So here is something I know, or that I think I know: Theatre at its essence is not a building, not a style, not a political platform or a megaphone for change, nor is it an entertainment or a way to forget your troubles for a while or any of that; theatre at its essence is simply a kind of relationship. An intimate human relationship. Between the actor, representing the playwright, and you, the audience.
And it is a potentially profoundly deep relationship, one by which we can know ourselves or, to quote another playwright, where we may gain “the knowledge of our souls.”
What does that mean, “the knowledge of our souls”?
The same playwright wrote, “What livelier microcosm of human society can there be than an acted play?” What does he mean by that? He goes on to say, “Dramatic art is the working out, in terms of make-believe, not of self-realization of the individual, but of society itself.”
I think he is saying that a play, potentially, allows us to see ourselves, not just as individuals, but as we are as a society, as a culture—to see who we are, how we became what we are, how we have what we have and lost what we’ve lost.
The playwright I’ve just quoted is named Harley Granville Barker. He was also an actor, a director, producer and theatre visionary in the first half of the 20th century. And he also wrote this, about acting: “One is tempted to imagine a play—to be written in desperate defiance of Aristotle—from which doing would be eliminated altogether, in which nothing but being would be left. The task set for the actors would be to interest their audience in what the characters were, quite apart from anything they might do; to set up, that is to say, the relation by which all important human intimacies exist.”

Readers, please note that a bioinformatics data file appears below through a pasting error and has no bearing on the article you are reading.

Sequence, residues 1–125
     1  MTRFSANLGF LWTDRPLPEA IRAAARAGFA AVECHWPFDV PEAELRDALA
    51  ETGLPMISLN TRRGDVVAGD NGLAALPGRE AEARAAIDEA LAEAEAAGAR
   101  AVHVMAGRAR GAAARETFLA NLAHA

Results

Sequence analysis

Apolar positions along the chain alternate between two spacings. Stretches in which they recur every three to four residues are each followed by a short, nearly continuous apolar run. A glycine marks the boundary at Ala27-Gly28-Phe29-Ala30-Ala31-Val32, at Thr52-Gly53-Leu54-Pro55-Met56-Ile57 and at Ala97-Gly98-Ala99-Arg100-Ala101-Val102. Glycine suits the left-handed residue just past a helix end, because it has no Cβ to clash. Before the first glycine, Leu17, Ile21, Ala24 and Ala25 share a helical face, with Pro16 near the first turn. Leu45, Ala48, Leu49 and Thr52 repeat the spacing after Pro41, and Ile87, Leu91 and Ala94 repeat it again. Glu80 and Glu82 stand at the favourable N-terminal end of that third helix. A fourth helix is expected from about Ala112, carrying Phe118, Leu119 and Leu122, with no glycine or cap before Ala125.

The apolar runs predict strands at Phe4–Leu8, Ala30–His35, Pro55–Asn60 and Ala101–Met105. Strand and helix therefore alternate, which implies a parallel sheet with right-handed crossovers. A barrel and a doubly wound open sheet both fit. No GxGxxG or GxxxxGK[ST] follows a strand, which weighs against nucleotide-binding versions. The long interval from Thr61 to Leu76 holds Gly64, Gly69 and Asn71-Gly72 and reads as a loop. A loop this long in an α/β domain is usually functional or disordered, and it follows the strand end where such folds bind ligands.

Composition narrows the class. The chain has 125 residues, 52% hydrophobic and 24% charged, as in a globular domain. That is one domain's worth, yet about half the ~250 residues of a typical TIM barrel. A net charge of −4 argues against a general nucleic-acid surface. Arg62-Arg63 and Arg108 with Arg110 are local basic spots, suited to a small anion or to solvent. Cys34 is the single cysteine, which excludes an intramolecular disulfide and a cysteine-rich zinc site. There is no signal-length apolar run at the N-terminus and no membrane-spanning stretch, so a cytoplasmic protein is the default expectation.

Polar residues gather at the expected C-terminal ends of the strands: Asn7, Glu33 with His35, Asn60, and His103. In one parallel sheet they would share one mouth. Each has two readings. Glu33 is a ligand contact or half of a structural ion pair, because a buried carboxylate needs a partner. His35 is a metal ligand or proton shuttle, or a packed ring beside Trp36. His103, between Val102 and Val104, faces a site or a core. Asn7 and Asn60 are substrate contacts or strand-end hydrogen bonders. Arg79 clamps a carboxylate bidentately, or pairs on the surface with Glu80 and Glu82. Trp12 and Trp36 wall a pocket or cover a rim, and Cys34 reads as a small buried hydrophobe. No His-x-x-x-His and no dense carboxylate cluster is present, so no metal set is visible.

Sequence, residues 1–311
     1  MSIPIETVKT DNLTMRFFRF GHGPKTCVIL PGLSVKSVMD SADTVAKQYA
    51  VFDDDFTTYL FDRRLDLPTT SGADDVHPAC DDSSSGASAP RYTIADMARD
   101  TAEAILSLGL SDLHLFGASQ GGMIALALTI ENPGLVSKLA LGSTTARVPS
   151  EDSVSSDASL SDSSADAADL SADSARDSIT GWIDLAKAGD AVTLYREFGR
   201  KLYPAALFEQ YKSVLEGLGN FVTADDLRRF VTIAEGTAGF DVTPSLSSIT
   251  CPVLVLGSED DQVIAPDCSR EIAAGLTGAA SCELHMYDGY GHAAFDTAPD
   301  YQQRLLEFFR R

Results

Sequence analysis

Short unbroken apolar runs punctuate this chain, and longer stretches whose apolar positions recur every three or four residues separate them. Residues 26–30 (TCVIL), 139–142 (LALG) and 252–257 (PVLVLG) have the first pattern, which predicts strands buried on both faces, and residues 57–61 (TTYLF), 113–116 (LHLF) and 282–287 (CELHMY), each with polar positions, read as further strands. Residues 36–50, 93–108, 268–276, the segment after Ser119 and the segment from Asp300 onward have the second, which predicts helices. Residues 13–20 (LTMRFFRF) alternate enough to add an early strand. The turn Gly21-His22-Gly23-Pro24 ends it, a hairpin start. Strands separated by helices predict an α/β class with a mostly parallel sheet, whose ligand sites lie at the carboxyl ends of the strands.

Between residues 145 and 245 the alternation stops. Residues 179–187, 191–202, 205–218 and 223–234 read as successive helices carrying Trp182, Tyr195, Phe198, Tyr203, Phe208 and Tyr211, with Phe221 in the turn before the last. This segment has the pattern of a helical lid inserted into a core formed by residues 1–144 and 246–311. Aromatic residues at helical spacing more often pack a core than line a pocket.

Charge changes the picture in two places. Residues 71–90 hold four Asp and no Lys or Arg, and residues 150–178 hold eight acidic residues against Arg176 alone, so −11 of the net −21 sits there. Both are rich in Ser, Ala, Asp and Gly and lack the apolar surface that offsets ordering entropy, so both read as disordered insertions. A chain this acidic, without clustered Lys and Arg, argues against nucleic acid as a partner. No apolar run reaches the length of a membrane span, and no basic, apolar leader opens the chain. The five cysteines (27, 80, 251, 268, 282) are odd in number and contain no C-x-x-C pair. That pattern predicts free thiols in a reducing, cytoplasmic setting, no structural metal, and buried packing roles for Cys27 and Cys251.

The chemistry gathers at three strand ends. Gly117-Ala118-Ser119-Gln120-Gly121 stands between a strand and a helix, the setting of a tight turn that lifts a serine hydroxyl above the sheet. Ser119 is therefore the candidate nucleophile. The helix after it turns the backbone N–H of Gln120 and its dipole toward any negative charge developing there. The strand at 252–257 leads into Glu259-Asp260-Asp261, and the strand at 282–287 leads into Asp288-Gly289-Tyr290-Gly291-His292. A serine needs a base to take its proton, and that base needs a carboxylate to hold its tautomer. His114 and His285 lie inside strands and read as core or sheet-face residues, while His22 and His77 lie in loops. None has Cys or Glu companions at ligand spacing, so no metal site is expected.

The relation by which all important human intimacies exist. Is that what is going on in a play? Is that part of its potential? What we are attempting to tap? One element of its peculiar nature? The relation by which all important human intimacies exist.
I watched a documentary recently of Ingmar Bergman directing a movie. In one scene he counsels a little actress. She asks, “I’m to be sad, right?” And Bergman says, “Yes, just don’t show that. Just think it.”
Just be. Don’t show, just be.
Which, of course, is not unlike everyday human relationships. When we feel someone is trying to impress us, or sell us something, or get us to do something—we naturally resist; pull back. But if what or who we see and feel in front of us is someone being themselves, being open and honest and vulnerable? We lean forward—and participate. And there’s a good start to encouraging what we hope will be an honest and real relationship.